The recent violence in Orlando, Nice and Brussels is prompting increased demand for political risk and standalone terrorism insurance. Whether carriers are prepared with the right products to address that demand, however, is an open question.
According to research published earlier this month by KPMG, the market for political risk insurance is set to grow 4% over the next three years, eventually exceeding $10 billion. At the same time, the changing nature of ideologically motivated crime has yet to be addressed in the majority of products on the market.
“There is a shift in the nature of terror. In the 1990s, it was about property damage. The incidents we’re seeing now are about maximizing casualties.” said KPMG partner Paul Merrey. “There is a gap between what insurers are providing cover for and what customers actually want.”
Insurance carriers in the standalone terrorism space have agreed with KPMG’s characterization of growing demand – a 35% increase in submissions for XL Catlin, for example – but say they are working hard to address the evolving risk presented by assailants.
Ben Tucker, head of US Terrorism & Political Violence for XL Catlin, said the company is trying to fill the void with its new Active Assailant policy.
Unveiled in February, Active Assailant offers time element coverage due to bodily injury or death, not just physical damage. It can be triggered when an event involving a handheld weapon (such as a gun or suicide bomb vest) affects three or more people – and the definition of “affects” is broad. A person could simply be a witness.
Others have sought to address the method of attack. With gun violence in the United States so prevalent, major brands like Willis have begun offering “active shooter” insurance. The policies provide coverage outside of workers’ compensation policies, including the liability companies have if they are found not to have taken needed precautions to prevent gun rampages. It also covers “on the scene” costs of an attack, including property damage and any needed counseling or consulting for victims.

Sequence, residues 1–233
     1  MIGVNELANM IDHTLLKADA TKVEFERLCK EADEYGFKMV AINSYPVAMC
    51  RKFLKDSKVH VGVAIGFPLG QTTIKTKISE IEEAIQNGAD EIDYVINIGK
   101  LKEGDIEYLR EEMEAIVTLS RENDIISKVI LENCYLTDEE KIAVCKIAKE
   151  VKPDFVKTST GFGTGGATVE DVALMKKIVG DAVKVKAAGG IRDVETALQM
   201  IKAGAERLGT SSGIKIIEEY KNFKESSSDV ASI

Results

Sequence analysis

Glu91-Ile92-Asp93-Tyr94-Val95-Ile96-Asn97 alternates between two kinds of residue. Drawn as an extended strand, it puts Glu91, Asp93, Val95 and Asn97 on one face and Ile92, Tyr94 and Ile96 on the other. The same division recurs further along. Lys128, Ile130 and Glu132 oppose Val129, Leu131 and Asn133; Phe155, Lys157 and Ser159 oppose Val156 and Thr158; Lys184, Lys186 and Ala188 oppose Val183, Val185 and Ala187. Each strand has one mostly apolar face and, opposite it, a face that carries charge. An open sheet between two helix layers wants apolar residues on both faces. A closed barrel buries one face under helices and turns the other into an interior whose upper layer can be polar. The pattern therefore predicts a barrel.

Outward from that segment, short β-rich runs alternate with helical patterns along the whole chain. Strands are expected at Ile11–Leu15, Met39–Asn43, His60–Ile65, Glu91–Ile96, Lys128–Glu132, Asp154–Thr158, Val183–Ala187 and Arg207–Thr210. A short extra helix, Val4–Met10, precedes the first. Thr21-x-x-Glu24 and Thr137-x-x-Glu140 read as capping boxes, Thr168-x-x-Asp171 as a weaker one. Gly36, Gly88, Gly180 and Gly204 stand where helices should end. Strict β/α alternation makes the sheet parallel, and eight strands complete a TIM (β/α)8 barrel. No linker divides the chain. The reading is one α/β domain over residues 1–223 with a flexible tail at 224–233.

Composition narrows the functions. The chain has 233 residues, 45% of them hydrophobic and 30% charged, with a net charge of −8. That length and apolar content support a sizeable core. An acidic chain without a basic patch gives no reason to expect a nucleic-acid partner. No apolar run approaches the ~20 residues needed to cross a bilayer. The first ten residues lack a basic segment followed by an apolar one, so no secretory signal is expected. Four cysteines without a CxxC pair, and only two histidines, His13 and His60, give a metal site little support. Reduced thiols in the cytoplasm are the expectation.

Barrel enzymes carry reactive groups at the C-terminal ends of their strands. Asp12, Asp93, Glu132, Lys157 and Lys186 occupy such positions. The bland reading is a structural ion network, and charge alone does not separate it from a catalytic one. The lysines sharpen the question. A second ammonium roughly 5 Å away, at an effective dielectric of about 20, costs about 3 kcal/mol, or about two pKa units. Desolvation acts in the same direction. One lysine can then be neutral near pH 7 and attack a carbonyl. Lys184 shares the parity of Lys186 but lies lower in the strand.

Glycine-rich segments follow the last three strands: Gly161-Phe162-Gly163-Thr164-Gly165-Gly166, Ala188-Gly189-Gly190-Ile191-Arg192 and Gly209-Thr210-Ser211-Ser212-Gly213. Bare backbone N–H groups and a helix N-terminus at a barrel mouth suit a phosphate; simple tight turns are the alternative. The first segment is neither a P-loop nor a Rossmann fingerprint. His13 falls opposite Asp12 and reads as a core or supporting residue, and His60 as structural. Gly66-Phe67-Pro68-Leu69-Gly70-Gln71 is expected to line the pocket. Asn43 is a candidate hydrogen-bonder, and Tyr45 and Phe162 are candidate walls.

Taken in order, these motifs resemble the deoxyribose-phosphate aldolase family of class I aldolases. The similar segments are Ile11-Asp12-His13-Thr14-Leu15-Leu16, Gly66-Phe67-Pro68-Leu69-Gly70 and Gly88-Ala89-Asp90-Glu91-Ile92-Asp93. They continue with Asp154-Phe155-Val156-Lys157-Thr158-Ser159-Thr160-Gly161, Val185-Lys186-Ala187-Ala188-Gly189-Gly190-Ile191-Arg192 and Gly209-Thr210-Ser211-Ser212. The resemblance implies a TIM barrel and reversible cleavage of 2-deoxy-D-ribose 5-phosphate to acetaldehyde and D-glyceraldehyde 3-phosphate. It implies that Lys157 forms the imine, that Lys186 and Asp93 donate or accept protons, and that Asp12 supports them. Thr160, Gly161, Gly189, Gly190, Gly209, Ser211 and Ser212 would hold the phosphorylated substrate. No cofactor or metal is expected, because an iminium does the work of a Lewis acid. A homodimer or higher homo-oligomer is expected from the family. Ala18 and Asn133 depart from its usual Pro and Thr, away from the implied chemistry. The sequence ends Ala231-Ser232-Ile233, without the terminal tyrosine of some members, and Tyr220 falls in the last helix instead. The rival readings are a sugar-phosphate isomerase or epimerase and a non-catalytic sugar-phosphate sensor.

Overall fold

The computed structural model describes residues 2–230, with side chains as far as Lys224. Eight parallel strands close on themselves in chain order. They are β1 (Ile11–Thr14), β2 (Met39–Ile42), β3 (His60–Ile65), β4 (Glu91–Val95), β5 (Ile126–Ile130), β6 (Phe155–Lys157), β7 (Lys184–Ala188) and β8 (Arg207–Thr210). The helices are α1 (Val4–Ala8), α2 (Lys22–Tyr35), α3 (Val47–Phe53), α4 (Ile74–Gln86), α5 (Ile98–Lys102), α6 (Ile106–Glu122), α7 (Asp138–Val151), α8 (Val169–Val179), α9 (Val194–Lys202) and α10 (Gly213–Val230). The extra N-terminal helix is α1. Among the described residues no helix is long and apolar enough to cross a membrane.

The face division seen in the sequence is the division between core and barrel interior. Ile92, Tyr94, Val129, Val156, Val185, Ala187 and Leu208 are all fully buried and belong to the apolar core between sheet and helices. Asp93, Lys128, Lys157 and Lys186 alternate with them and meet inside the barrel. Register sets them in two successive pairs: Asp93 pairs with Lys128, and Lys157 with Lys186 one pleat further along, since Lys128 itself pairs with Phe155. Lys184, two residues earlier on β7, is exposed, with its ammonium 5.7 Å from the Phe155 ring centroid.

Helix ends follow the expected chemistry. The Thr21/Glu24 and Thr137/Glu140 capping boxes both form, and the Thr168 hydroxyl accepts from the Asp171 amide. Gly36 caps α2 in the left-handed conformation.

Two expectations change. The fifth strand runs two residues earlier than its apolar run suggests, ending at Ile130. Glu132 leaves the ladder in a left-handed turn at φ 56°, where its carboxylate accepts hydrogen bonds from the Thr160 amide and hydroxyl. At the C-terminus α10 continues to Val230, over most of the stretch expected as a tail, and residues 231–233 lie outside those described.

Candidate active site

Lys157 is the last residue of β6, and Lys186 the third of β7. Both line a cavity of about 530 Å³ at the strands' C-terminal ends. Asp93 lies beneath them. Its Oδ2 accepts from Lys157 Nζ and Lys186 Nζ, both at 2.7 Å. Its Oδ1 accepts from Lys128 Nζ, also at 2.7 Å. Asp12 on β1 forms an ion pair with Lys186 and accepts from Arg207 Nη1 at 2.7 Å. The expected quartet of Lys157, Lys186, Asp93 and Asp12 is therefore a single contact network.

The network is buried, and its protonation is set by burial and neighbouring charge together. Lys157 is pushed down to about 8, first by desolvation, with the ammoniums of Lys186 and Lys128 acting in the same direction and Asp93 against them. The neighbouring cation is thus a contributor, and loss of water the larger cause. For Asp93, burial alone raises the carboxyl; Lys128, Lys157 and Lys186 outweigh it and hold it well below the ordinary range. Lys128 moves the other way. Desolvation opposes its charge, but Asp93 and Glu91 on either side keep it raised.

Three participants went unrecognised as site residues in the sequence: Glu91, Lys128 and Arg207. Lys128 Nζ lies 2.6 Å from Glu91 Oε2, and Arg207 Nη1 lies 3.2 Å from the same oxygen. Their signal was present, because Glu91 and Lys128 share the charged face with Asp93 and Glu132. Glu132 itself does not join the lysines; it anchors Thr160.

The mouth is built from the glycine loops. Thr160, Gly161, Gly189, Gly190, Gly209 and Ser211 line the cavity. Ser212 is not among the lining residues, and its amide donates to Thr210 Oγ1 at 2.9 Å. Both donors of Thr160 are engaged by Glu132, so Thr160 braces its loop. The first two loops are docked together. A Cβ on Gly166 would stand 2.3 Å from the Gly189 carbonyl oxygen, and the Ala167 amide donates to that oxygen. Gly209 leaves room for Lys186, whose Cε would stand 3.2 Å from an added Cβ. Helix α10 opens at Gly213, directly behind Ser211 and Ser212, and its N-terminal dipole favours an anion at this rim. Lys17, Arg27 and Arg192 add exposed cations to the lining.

Wendy Peters, an executive vice president at Willis, said that like terrorism insurance, “there’s been widespread interest in the product.”
So which of these new products, considered alongside traditional standalone terrorism coverage, is preferable?
Jen Rubin, head of Hiscox War, Terrorism & Political Violence Practice Group, says it is up to an agent to determine, based on the particularities of the client.
“When you’re doing your review of coverages, it’s really important to make sure perils are defined and any gray areas you’re concerned about are documented or discussed,” she said. “New products are defining what is covered based on the evolution of events in the market."
With less of a focus on property damage, such “evolution of events” may point agents toward policies with high business interruption limits and allowances for “loss of attraction” triggers rather than simple physical ones.
“In 2015, the global cost of terrorism was $32 billion, but the indirect cost was much higher,” Merrey said. “If you look at the Paris incident, business interruption costs were $12 billion.”
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